Wealthfront is a registered investment adviser to retail clients that uses a software-based "robo adviser" platform. Wealthfront applies a proprietary tax loss harvesting program ("TLH") to clients' taxable accounts. Wealthfront designed TLH to create tax benefits for clients by selling certain assets at a loss that, if realized, can be used to offset income or gains on other transactions, thereby reducing clients' tax liability in a given year. Wealthfront makes available on its website for clients whitepapers containing client disclosures and outlining TLH, among other topics. From October 2012 through mid-May 2016, Wealthfront falsely stated in its TLH whitepaper that it monitored all client accounts to avoid any transactions that might trigger a wash sale. Generally, a wash sale occurs when an investor sells a security at a loss and, within 30 days of this sale, buys the same or a substantially identical security. A wash sale prevents the tax benefit of having sold the asset to realize a loss. In fact, until mid-May 2016, Wealthfront did not monitor client accounts to avoid any transaction that might trigger a wash sale. In Wealthfront's TLH program, wash sales could occur, or were permitted, in certain circumstances relating to the management of a client account such as rebalancing a client portfolio or client directed transactions. In addition, Wealthfront retweeted certain tweets from its clients on its Twitter account that constituted testimonials, which investment advisers are not permitted to publish without required disclosure. Wealthfront also paid bloggers for new client referrals, based on the amount of assets the new client initially deposited, without complying with applicable disclosure and documentation requirements. Wealthfront also failed to adopt and implement policies and procedures reasonably designed to prevent violations of the Advisers Act and the rules thereunder.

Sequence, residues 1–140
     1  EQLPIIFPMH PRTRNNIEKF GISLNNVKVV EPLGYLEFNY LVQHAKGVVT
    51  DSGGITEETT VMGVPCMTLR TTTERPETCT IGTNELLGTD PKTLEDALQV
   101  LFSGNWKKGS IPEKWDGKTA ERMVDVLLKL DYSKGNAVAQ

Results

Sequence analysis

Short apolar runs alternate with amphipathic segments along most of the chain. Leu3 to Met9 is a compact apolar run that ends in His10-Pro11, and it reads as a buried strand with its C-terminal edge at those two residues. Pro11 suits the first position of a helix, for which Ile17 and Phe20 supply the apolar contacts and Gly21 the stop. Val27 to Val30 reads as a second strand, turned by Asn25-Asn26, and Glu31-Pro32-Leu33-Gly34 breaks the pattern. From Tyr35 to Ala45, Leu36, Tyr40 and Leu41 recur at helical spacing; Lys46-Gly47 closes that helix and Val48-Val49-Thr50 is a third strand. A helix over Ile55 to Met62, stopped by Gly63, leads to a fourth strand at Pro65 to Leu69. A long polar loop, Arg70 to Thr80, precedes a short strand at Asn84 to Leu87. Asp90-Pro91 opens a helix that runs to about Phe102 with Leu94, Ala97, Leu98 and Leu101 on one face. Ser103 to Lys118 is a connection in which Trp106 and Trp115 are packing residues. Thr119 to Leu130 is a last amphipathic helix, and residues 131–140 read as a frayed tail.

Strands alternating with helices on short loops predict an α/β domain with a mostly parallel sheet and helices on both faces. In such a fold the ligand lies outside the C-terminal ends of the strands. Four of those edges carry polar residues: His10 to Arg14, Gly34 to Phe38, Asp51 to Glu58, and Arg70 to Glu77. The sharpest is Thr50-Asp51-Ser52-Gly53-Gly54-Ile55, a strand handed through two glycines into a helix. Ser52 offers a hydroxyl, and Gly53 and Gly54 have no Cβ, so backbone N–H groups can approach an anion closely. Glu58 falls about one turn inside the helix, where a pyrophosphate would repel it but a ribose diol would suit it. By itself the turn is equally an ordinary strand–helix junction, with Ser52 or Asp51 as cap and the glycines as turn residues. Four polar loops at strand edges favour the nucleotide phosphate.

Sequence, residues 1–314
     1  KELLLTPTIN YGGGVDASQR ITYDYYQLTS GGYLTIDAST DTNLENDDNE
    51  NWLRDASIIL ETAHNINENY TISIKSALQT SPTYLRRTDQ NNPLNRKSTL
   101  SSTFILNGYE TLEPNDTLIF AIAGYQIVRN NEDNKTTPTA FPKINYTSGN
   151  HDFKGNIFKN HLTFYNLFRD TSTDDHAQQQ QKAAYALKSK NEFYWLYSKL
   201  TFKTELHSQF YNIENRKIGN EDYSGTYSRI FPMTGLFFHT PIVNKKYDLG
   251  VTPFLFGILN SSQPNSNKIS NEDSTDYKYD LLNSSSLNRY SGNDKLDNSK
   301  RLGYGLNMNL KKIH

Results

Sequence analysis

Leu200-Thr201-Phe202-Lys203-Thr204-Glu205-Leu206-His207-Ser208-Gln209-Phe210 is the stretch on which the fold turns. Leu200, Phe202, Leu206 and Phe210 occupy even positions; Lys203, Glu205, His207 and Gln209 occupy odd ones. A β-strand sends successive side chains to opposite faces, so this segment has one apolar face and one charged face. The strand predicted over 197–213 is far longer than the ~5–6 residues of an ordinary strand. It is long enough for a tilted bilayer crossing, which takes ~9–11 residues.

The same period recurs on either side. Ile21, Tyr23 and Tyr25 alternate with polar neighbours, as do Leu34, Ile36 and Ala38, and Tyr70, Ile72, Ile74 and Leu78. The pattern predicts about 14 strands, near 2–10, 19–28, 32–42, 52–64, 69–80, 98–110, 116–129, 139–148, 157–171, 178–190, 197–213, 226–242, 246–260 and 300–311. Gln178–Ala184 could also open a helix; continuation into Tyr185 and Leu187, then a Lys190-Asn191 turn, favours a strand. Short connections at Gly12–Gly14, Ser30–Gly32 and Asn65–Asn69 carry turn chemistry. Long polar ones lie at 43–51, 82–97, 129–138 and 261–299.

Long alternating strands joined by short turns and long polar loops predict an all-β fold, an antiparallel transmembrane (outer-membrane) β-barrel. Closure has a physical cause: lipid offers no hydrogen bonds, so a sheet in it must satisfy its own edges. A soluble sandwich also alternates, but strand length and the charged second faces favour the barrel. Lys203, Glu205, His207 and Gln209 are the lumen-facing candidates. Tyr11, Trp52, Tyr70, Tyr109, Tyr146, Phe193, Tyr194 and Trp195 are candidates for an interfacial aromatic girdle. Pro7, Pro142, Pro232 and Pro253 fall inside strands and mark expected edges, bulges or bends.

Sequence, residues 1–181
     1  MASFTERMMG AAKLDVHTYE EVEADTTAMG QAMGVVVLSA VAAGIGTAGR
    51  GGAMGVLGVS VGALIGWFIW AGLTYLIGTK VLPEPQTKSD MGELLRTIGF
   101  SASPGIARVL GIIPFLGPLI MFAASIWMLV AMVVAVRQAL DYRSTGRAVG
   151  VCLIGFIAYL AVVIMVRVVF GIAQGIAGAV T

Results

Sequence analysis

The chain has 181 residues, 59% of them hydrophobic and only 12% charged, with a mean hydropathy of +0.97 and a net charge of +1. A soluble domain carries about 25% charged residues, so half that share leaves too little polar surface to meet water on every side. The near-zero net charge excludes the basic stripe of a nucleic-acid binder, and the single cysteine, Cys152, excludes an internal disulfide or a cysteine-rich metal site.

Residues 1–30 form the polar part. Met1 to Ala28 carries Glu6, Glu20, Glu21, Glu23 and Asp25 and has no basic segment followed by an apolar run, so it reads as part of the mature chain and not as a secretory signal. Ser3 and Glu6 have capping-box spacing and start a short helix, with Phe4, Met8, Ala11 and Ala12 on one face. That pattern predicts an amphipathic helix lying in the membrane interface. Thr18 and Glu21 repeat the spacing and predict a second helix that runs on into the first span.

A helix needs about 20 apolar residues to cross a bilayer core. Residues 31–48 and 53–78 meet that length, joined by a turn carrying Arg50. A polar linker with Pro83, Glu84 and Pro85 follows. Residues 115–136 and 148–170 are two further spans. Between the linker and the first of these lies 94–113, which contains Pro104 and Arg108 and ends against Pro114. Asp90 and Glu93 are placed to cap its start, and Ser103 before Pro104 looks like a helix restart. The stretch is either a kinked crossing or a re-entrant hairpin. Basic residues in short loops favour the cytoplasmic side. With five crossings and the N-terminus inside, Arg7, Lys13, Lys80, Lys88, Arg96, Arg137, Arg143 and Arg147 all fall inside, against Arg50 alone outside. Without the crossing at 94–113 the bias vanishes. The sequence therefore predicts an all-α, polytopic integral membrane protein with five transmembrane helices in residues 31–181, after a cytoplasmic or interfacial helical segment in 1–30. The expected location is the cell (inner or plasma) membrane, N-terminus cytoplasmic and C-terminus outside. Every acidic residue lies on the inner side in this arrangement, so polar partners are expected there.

1. This matter involves a registered investment adviser-Hedgeable-that disseminated false and misleading marketing materials and performance data. Hedgeable operates a "robo-adviser": an automated digital investment advisory program that is marketed to individuals, small business owners, trusts, corporations and partnerships through the fund's website, Hedgeable.com, as well as through social media platforms.2. From at least 2016 until April 2017, Hedgeable posted on its website and social media platforms a "Robo-Index," which purportedly allowed clients and prospective clients to compare the performance from 2014 and 2015 of two other robo-advisers-"Robo-Adviser 1" and "Robo-Adviser 2"-to the performance of Hedgeable's clients during the same period, which were aggregated in a "Hedgeable Composite." The Robo-Index and Hedgeable Composite were misleading in several respects. First, the Hedgeable Composite only included a small subset-less than 4%-of the total number of Hedgeable clients during the 2014 and 2015 period. Second, Hedgeable's calculation methodology of the Robo-Index was incorrect, as it was not based on Robo-Adviser 1's or 2's actual trading models, but was instead an approximation of Robo-Adviser 1's or 2's performance based on information available from their websites. Third, even using its own methodologies, Hedgeable incorrectly calculated the annualized returns for both the RoboIndex and the Hedgeable Composite. Hedgeable failed to maintain sufficient documentation to substantiate the returns presented in the Robo-Index or the Hedgeable Composite. Hedgeable also posted misleading fact sheets on its website that overstated the returns of various Hedgeable ETFs, as compared to certain benchmarks of blended index returns.3. Hedgeable's dissemination of false and misleading marketing materials and performance data was caused, in part, by its ineffective compliance program. Hedgeable's compliance policies and procedures did not require any officer of Hedgeable to review or approve marketing materials or performance data posted on Hedgeable's digital media platforms.